Photo courtesy of MMSD
Milwaukee Metropolitan Sewerage District placed warning signs where three Rohingya refugees lost their lives last summer.
Almost a year ago, the accidental death of a young boy, his father and a family friend shocked Milwaukee’s Muslims and the greater Milwaukee community.
Chasing his soccer ball, 10-year-old Muhammad Arman Bin Rashidullah fell into a concrete drainage ditch near his home in the 3800 block of South 25th Street and was pulled by the rushing water. His father, Rashidullah Bin Abdul Hashim, 34, jumped in to save his son, followed by neighbor and friend Zakaria Bin Gonumeah, 37.
All three victims were refugees from Rohingya, a Muslim ethnic minority in Myanmar who have suffered repression and genocide. Milwaukee has the largest Rohingya community in the United States, estimated in 2021 to be between 2,300 and 4,000.
Thousands attended the funeral services held at the Islamic Center of Milwaukee and at the burial at Arlington Cemetery. Milwaukee’s Rohingya and Muslim communities, Muhammad’s classmates and teachers, friends and co-workers of Rashidullah and Zakaria, local elected officials and a large contingency of journalists attended.
But this story doesn’t end there.
Milwaukee Metropolitan Sewerage District has a long-term plan to remove the concrete channels installed in the 1960s to help control flooding in the Kinnickinnic River watershed in Milwaukee County. Their impermeable surfaces result in flash floods in the channels which have caused several drownings since they were built.
Courtesy of MMSD
MMSD installed fencing along concrete channels in Milwaukee as Step One in its Kinnickinnic River Safety Plan.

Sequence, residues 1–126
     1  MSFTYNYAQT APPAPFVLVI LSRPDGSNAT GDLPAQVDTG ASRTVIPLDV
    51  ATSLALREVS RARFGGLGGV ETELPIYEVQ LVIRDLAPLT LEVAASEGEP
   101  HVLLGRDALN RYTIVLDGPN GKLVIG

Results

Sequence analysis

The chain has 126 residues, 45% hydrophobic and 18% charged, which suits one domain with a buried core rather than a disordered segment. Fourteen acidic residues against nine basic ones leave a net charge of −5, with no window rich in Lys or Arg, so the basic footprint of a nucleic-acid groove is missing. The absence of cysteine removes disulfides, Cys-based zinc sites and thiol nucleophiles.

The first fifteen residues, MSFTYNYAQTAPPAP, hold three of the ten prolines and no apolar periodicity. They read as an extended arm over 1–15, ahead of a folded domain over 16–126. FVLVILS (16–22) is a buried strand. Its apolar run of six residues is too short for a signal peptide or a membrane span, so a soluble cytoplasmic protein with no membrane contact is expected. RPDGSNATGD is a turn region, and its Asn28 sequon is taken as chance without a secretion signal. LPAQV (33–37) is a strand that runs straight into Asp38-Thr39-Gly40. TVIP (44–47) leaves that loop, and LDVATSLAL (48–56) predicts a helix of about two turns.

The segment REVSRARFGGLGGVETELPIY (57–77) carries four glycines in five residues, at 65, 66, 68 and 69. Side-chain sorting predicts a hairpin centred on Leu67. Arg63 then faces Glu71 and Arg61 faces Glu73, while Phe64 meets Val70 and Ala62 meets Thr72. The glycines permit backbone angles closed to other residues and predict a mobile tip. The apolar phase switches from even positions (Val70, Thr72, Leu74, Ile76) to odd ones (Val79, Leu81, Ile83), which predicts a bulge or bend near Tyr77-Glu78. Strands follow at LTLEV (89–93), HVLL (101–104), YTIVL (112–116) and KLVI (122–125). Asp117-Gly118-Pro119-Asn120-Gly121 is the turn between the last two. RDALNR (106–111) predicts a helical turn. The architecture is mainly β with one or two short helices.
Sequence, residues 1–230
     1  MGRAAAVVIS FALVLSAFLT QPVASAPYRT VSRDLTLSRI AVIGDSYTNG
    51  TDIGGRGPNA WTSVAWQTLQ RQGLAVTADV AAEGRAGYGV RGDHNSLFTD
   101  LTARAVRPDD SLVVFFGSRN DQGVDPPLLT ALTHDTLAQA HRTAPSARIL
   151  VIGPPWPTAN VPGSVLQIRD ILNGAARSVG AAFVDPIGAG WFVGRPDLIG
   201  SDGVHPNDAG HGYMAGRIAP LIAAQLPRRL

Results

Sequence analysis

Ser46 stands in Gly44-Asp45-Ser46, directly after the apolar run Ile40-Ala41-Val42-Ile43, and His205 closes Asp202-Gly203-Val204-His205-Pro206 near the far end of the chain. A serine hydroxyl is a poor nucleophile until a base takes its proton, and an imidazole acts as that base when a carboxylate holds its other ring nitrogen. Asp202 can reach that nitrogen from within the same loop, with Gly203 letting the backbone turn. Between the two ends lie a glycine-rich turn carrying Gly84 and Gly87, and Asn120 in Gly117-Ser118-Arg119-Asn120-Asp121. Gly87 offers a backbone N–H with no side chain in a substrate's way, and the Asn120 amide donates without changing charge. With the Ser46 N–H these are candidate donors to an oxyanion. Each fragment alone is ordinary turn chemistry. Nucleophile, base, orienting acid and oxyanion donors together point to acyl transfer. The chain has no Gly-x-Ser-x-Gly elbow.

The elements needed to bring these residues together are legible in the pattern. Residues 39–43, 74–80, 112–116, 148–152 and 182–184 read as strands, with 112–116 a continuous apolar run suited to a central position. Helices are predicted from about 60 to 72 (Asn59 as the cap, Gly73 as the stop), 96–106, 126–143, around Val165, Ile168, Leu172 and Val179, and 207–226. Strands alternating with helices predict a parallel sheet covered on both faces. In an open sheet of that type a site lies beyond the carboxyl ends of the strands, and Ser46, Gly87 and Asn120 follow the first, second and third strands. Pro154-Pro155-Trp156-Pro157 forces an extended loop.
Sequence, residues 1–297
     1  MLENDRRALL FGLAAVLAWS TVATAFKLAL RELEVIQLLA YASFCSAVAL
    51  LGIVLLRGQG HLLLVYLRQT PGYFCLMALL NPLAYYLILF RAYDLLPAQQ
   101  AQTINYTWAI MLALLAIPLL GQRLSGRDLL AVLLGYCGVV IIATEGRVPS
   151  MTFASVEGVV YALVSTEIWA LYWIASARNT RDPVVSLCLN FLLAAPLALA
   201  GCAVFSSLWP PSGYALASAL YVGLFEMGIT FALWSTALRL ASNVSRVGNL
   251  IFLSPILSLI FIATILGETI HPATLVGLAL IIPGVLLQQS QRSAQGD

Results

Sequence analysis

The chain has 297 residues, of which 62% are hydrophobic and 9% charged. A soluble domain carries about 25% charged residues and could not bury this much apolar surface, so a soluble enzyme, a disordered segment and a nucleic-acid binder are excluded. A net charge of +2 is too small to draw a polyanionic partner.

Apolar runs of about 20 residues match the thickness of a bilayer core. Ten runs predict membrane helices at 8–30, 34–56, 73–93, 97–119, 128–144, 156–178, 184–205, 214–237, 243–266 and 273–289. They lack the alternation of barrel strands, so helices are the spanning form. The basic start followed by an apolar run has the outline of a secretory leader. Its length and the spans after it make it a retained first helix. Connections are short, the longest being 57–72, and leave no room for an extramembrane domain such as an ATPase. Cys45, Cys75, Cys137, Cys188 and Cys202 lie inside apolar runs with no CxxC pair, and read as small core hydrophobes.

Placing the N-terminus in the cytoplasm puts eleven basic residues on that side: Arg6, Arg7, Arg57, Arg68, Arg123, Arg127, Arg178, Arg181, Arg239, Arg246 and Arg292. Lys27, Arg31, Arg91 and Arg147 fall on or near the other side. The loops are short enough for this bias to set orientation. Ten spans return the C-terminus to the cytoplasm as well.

However, replacing the concrete channels with a safe and environmentally sound solution—removing the concrete, widening the channels and renaturalizing the areas—will take more than a decade and hundreds of millions of dollars, according to MMSD.
MMSD wanted a quick solution before others lost their lives.
Gathering valuable community input
Almost immediately after the tragedy, MMSD’s Public Engagement Manager Christina Taddy reached out to leaders in Milwaukee’s Muslim community, the community school coordinator at Zablocki Elementary School where Muhammad was a student, District 13 Alderman Scott Spiker, public safety officers and others. She called them together for a Kinnickinnic River Safety Meeting.
Courtesy of MMSD
Islamic Society of Milwaukee executive director Othman Atta addresses the Kinnikinnic River Safety Committee at a meeting held at ISM.
In a recent interview with Wisconsin Muslim Journal, Taddy explained, “After the tragic loss of life of these three individuals, MMSD, the Milwaukee Fire Department and the Milwaukee Police Department began working together. One of the first things we did was MMSD put up fencing along the concrete-lined waterways on parts of the Wilson Park Creek and the Kinnickinnic River.” The installation of fencing began in August 2022 and continued into November.
“But that was just Step One. Step Two was having the Islamic Society of Milwaukee as a key partner to get input from the community. They called a meeting that was attended by 15-20 individuals from a variety of groups who were affected by the drownings.”
“We were very happy with MMSD’s willingness to address this issue,” said Othman Atta, executive director of the Islamic Society of Milwaukee, Wisconsin’s largest Islamic organization.
“MMSD put together a community advisory team and invited us to join. We offered our resources for translation services and advice on the best approach to reach this community.”